SUNDAY: Chilled sunshine for Valentine's Day. Wake up -13. High 1. Chance of precipitation 10%. Wind WNW 5-10 mph.


This Day in Weather History
February 8th

1996: Showers and thunderstorms bring a mix of freezing rain and rain across the eastern portion of Minnesota. In Edina, lightning damaged a house.

1933: Arctic air remains entrenched across Minnesota with a morning low of -55 at Warroad.


Average Temperatures & Precipitation for Minneapolis
February 8th

Average High: 27F (Record: 50F set in 2002)
Average Low: 10F (Record: -29F set in 1899)
Average Precipitation: 0.02" (Record: 1.08" set in 1966)
Average Snowfall: 0.2" (Record: 5.0" in 1905)
Record Snow Depth: 22" in 1967


Sunrise/Sunset Times for Minneapolis
February 8th

Sunrise: 7:23 AM
Sunset: 5:31 PM

*Length Of Day: 10 hours, 8 minutes and 7 seconds
*Daylight GAINED Since Yesterday: ~2 minutes and 47 seconds

*When Do We Climb To 10.5 Hours Of Daylight? February 16th (10 hours, 31 minutes, and 11 seconds)
*When Is The Sunrise At/Before 7:00 AM?: February 23rd (7:00 AM)
*When Is The Sunset At/After 6:00 PM? March 1st (6:01 PM)


National Weather Forecast

On Monday, some snow will be possible from the Central Plains to the Great Lakes and Northeast as the storm track is pushed south due to the frigid air in the Upper Midwest. A rain/snow mix will be possible in the Mid-Atlantic to Cape Cod. Storms will be possible in the Southeast. Snow will also be possible in the Pacific Northwest and Northern Rockies.

The heaviest snow through Tuesday evening will be out in the Cascades and northern Rockies where up to two feet of snow will be possible. Meanwhile, an inch or two of rain could fall across portions of the Southeast and Mid-Atlantic.


Dozens feared dead as Himalayan glacier breaks in India, flooding sweeps into dams

More from NBC News: "At least 150 people are feared dead after a Himalayan glacier burst, sending a massive flood of water and debris crashing into two dams, officials in the country said Sunday. Rescue workers recovered two bodies as they fought to save the lives of workers at the dam sites in the Chamoli district, Uttarakhand Chief Minister Trivendra Singh Rawat said on Twitter. "My prayers are with every missing worker," he wrote, adding that their main focus is on finding people who might be stuck in underground tunnels. He did not elaborate on where the tunnels might be."

Why Setting a Clean Energy Standard Should Be Democrats' Next Move

More from Earther: "Prior to last month, the last time Democrats controlled both houses of Congress and the White House was the early Obama years. And one of the signature failures of that period was a 2009 bill that would've created a national cap and trade program but ultimately never came to a vote in the Senate (it squeaked by in the House). Recreating that failure today is simply not an option given the severity of the climate crisis and the fact that both chambers of Congress and President Joe Biden have all indicated climate is a priority. A new report from Evergreen Action, the team that powered Washington Gov. Jay Inslee's climate plan and progressive think tank Data for Progress, lays out a plan for Democrats to make the most of their slim majorities by passing a clean electricity standard. It would set the entire country on a pathway to running on renewables or other carbon-free energy sources—and polling released with it shows the policy is supported by a majority of voters."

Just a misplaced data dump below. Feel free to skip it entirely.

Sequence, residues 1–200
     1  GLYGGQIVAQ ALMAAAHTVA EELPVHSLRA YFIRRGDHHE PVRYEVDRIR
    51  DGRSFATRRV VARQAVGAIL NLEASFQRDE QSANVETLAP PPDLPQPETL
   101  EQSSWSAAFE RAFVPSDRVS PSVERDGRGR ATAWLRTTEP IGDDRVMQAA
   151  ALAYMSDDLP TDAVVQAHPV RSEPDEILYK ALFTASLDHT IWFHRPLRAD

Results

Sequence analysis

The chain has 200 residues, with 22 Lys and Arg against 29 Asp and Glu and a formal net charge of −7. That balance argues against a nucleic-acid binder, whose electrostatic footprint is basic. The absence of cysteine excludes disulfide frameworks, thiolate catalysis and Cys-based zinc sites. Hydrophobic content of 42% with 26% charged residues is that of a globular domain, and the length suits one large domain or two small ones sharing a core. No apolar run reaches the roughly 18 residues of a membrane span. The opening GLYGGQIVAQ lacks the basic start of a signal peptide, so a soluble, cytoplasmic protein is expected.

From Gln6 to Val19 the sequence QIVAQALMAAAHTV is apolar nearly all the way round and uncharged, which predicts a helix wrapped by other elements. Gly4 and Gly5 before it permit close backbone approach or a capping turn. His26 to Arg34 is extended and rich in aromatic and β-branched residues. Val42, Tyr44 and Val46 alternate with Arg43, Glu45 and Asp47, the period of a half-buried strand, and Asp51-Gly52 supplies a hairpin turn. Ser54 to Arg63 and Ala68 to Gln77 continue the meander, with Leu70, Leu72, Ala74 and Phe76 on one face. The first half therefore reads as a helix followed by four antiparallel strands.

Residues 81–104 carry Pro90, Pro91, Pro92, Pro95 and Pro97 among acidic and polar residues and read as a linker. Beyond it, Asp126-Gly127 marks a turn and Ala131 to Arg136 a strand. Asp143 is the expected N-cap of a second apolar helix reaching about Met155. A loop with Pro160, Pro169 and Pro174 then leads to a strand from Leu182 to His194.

For a City Staring Down the Barrel of a Climate-Driven Flood, A New Study Could be the Smoking Gun

More from Inside Climate News: "Not all of the water from the planet's melting glaciers is pouring into rivers and oceans. A surprising amount is building up behind unstable piles of rubble left behind by the retreating ice. As the Earth continues to warm, the swelling lakes threaten to burst through the glacial moraines holding them back and wash away the forests, towns and farms below. The threat is particularly high in the Northern Andes, where some of the world's last big tropical glaciers are dwindling even faster than those in the Alps or Himalaya. At low latitudes, the length of the day doesn't change much during the year, so tropical glaciers don't get a seasonal respite from the sun's direct rays. That's resulted in a rapid meltdown of glaciers near the equator, and the formation of hundreds of lakes in recent decades. New research presents evidence of a direct link between global warming and the growing risk of an outburst flood to the Andean city of Huaraz, Peru."

Water Warning: The Looming Threat of the World's Aging Dams

More from Yale Environment 360: "Who would want to live downstream of the 125-year-old Mullaperiyar Dam, nestled in a seismic zone of the Western Ghats mountains in India? The 176-foot-high relic of British imperial engineering cracked during minor earthquakes in 1979 and 2011. According to a 2009 study by seismic engineers at the Indian Institute of Technology, it might not withstand a strong earthquake larger than 6.5 on the Richter scale. Three million people live downriver of the dam. But their demands for it to be emptied are held up by a long-running legal case in the nation's Supreme Court between Kerala, the state under threat, and Tamil Nadu, the state upstream that operates the dam to obtain irrigation water and hydropower."


Thanks for checking in and have a great day! Don't forget to follow me on Twitter (@dkayserwx) and like me on Facebook (Meteorologist D.J. Kayser).

- D.J. Kayser